By Agence France-Presse
Sri Lanka’s churches remained shut Sunday forcing Christians to say prayers of grief in private over the Easter suicide attacks that the country’s Roman Catholic leader called “an insult to humanity”.
Fearing a repeat of the Easter Sunday bombings of churches and hotels in which 253 people died, the Archbishop of Colombo, Cardinal Malcolm Ranjith, held a private mass after cancelling all public services.
Amidst heavy security imposed across the country, a vigil was also held outside St Anthony’s Shrine in Colombo at 8:45 am, the moment the bomber struck the church, killing dozens of worshippers.
“Today during this mass we are paying attention to last Sunday’s tragedy and we try to understand it,” the cardinal said at his official residence, where President Maithripala Sirisena and Prime Minister Ranil Wickremesinghe were among the small congregation.
“We pray that in this country there will be peace and co-existence and understanding each other without division,” he said.
“What happened last Sunday is a great tragedy, an insult to humanity,” he added.
Stuck in time
At exactly 8:45 am, the singing of hymns by scores of people outside St. Anthony’s church stopped and the bells tolled. The hands on the tower clock are still fixed at the time of the blast.
“I come to this church every Sunday, it feels like my second home,” said Dharshika Fernando, 19, fighting back tears.
“It feels like people blasted my own home.”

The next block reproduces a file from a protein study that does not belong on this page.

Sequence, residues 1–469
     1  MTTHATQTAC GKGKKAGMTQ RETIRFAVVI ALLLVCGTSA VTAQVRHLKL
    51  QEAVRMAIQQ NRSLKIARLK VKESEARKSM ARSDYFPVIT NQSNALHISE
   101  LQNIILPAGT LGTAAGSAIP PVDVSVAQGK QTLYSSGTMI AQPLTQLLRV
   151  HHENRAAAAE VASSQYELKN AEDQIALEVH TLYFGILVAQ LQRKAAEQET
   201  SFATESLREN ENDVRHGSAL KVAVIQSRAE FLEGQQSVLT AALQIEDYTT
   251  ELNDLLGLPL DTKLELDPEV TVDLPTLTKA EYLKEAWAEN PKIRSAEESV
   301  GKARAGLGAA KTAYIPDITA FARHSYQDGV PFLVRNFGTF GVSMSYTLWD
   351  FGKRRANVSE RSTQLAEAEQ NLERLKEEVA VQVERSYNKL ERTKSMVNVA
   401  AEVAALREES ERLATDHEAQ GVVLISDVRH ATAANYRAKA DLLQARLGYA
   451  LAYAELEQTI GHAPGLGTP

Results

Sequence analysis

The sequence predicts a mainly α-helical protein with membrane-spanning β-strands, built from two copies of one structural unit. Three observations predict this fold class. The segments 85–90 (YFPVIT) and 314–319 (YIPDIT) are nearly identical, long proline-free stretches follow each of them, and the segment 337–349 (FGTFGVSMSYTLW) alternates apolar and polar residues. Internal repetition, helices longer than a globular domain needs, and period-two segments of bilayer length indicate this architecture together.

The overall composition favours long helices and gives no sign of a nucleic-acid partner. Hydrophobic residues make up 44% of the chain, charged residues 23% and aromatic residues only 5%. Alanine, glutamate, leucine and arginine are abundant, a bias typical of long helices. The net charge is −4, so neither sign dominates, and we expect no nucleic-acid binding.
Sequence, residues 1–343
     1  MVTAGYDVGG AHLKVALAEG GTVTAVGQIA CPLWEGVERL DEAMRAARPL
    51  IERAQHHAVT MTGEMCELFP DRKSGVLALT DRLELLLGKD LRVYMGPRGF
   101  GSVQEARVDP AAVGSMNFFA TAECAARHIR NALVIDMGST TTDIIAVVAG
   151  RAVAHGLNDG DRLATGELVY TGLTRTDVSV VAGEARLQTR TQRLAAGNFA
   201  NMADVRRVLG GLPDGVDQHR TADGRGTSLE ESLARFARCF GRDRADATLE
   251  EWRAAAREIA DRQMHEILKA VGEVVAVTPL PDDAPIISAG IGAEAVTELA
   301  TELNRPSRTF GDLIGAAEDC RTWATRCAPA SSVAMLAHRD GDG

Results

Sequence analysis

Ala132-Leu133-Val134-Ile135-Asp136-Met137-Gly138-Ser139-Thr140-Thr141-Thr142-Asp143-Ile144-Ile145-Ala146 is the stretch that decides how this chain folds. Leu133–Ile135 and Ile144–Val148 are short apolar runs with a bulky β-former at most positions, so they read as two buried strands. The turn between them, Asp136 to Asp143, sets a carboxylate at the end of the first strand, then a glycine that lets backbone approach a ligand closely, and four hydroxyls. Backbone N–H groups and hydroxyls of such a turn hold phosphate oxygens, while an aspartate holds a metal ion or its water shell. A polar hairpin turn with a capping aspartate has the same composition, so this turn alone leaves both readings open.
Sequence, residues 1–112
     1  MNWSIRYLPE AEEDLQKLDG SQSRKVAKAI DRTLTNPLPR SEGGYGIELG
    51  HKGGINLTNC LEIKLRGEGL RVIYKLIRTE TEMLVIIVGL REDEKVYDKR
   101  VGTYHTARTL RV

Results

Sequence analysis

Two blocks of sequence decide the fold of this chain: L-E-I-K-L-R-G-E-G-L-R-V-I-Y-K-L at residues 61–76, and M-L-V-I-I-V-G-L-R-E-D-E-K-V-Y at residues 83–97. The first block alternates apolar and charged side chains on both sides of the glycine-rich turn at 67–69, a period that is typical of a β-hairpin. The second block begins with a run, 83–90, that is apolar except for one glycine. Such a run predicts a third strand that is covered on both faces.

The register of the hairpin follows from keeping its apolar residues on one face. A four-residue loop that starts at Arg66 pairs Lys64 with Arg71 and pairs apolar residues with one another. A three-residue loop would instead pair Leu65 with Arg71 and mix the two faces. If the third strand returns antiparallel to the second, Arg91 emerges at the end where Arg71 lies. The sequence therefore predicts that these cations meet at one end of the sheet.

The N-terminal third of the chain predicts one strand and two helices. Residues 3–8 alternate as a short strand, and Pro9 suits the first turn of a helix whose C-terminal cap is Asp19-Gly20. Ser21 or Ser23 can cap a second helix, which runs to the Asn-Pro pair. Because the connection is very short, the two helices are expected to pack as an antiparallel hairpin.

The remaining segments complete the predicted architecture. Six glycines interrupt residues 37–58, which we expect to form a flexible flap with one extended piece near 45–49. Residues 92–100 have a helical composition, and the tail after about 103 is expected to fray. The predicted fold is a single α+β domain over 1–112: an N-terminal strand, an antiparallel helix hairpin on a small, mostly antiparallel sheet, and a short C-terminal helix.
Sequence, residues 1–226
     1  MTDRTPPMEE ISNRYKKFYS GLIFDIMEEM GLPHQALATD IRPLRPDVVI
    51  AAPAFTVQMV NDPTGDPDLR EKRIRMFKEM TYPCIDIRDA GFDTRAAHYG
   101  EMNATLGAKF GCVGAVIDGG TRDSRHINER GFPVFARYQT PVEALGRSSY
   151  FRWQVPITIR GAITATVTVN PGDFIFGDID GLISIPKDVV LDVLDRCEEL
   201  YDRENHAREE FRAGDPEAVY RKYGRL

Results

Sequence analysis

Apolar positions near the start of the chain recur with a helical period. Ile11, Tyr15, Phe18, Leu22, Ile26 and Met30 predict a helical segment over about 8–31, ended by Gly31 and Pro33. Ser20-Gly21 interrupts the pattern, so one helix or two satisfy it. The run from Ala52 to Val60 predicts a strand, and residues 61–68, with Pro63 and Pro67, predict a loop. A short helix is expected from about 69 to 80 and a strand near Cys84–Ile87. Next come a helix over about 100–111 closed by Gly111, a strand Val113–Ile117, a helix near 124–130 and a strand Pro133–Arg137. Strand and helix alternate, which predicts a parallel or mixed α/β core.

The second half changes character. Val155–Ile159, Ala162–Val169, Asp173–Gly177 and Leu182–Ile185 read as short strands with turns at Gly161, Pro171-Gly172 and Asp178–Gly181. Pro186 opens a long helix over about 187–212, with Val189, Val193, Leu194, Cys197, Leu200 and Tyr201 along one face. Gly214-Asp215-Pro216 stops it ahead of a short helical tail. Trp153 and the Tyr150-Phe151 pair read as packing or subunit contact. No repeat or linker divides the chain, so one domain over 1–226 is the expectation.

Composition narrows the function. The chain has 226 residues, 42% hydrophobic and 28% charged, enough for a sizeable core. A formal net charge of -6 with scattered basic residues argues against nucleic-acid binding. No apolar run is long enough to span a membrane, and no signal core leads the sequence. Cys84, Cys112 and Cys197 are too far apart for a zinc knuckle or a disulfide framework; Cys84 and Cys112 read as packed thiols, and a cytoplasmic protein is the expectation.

Thousands of Sri Lankan troops remained on the streets, guarding churches and mosques for the symbolic day.
Security forces also carried out new arrests, a day after at least 15 people were killed in a raid on a jihadist hideout where suicide bombers blew themselves up.
Police said they arrested two top suspects in connection with the Easter bombings in central Nawalapitiya on Saturday night, taking the total number in detention to more than 100.
Authorities say they are seeking about 140 Islamic State influenced radicals in all.
The latest two, Mohamed Saadik Abdul Haq and Mohamed Saahid Abdul Haq, were on a list of six “most wanted” radicals issued on Thursday.
They were wanted for the December 26 desecration of Buddha statues at the central town of Mawanella, the act that first brought to prominence the National Thowheeth Jama’ath (NTJ) group, which has been blamed for the Easter bombings.